What is stroke-induced aphasia?

Stroke-induced aphasia refers to the inability to speak or unclear speech.

Based on anatomical knowledge of the brain, it is recognized that stroke-induced aphasia caused by cerebrovascular diseases is the result of damage to the cerebral cortex. Clinically, it can be divided into motor aphasia, sensory aphasia, naming aphasia, and semantic aphasia according to the damaged area of the cerebral cortex. If two or more types of aphasia occur simultaneously, it is called mixed aphasia.

What is motor aphasia?

Motor aphasia occurs when the fronto-inferior region of the cerebral cortex, also known as the motor speech center, is stimulated or damaged by either cerebral hemorrhage or thrombosis. Patients with motor aphasia can understand what others are saying, but cannot speak for themselves.

What is stroke-induced aphasia?
What is stroke-induced aphasia?

What is semantic aphasia?

Semantic aphasia occurs when the junction of the three lobes of the cerebral cortex (temporal, parietal, and occipital) is stimulated pathologically. This part of the cerebral cortex is responsible for integrating visual, auditory, and linguistic information to generate semantics, as well as speech symbols and syntactic codes that can express these semantics. The characteristic of semantic aphasia is the inability to understand complex grammatical structures. For example, patients cannot distinguish the meanings of “brother’s father” and “father’s brother.” They cannot comprehend passive voice sentences like “The apple was eaten by the child,” resulting in confusion about who ate whom.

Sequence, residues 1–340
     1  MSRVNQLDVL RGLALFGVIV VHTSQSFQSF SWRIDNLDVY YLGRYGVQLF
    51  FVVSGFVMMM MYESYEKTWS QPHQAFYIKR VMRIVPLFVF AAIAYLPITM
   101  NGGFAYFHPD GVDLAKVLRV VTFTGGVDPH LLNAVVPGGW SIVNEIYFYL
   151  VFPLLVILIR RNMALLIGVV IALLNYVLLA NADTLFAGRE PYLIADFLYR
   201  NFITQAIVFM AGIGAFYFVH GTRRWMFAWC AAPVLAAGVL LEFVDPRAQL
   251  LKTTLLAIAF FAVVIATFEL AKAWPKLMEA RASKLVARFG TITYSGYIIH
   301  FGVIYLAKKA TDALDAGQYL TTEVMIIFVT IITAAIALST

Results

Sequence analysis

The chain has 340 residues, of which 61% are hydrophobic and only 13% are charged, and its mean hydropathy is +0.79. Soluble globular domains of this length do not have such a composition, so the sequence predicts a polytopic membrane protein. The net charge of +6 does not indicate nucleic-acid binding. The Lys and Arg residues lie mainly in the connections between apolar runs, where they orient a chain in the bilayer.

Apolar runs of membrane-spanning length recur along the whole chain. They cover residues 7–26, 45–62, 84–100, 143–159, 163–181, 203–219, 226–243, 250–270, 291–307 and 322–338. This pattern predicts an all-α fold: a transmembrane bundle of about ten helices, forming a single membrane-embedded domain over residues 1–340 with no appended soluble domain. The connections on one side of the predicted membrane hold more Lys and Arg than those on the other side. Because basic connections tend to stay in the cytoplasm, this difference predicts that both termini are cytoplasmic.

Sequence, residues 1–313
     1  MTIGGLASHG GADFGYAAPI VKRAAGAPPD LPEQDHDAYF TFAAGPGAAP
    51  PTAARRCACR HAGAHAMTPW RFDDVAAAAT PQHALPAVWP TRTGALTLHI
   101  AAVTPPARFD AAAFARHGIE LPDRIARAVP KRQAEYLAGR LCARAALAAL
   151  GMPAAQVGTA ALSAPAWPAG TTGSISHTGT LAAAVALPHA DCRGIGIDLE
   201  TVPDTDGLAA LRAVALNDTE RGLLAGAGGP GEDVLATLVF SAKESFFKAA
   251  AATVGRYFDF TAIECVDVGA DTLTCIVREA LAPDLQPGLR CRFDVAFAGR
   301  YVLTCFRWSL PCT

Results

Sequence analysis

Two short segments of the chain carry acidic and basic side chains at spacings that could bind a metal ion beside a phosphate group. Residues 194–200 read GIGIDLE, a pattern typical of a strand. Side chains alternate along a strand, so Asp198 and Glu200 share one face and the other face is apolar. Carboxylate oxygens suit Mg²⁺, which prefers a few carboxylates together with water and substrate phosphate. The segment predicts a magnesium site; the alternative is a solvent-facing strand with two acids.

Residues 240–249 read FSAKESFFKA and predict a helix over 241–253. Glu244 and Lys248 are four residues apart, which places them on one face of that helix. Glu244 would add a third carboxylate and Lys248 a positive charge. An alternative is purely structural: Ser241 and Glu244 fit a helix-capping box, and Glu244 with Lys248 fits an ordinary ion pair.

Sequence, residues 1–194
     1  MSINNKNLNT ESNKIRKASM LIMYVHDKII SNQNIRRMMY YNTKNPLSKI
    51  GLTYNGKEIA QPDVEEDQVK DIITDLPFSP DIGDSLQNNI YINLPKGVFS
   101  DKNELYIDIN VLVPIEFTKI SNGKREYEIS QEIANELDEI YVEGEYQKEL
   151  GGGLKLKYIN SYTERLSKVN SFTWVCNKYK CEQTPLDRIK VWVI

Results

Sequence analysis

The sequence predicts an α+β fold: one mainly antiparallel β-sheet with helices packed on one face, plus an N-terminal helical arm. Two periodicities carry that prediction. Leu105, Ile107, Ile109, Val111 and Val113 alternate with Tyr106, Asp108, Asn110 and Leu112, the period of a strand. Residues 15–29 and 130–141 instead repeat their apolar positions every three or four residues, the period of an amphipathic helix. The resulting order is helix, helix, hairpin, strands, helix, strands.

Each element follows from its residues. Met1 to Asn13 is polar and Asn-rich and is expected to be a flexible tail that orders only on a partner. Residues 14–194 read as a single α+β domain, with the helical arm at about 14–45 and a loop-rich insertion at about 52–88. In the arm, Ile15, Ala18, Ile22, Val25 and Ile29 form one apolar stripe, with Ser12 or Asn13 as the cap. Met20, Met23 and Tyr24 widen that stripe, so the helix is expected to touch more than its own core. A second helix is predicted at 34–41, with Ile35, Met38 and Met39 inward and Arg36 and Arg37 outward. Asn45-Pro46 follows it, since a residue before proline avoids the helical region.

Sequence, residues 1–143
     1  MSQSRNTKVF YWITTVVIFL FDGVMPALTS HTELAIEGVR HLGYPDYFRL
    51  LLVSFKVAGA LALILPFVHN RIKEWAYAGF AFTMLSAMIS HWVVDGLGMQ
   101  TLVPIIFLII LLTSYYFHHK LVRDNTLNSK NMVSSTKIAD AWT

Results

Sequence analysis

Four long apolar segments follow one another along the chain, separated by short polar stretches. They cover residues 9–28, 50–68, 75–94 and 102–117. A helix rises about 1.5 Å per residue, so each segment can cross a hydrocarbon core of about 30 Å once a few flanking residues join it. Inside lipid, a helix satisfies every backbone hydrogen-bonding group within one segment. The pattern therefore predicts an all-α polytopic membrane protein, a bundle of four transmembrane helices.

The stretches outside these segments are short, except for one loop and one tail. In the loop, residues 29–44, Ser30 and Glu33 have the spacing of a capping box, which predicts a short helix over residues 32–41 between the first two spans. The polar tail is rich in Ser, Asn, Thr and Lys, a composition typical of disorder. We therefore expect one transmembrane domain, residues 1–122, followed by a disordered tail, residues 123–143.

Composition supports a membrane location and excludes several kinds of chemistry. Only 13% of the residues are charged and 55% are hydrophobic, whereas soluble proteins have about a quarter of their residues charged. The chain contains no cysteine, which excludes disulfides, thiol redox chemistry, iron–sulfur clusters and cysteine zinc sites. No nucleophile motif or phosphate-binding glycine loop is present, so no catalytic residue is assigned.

What is sensory aphasia?

Sensory aphasia occurs when the posterior part of the temporal lobe, which is the sensory language center, is stimulated by the lesion in stroke patients. That is, patients can speak autonomously, but they are unclear about the meaning of their own words, and they cannot understand what others are saying. Therefore, they often give answers that are not relevant to the question, and their language has no logicality and even babbles. In this situation, relatives and others should show sympathy and understanding towards the patient, realizing that this is a pathological condition. Only through active treatment can sensory aphasia gradually recover.

What is nominal aphasia?

Nominal aphasia occurs when the posterior part of the temporal lobe and the inferior part of the parietal lobe are damaged. Patients lose the ability to name objects and can only describe their purposes instead of their names. For example, when showing a pencil, the patient can only say it is a “writing tool” but cannot call it a “pencil.”

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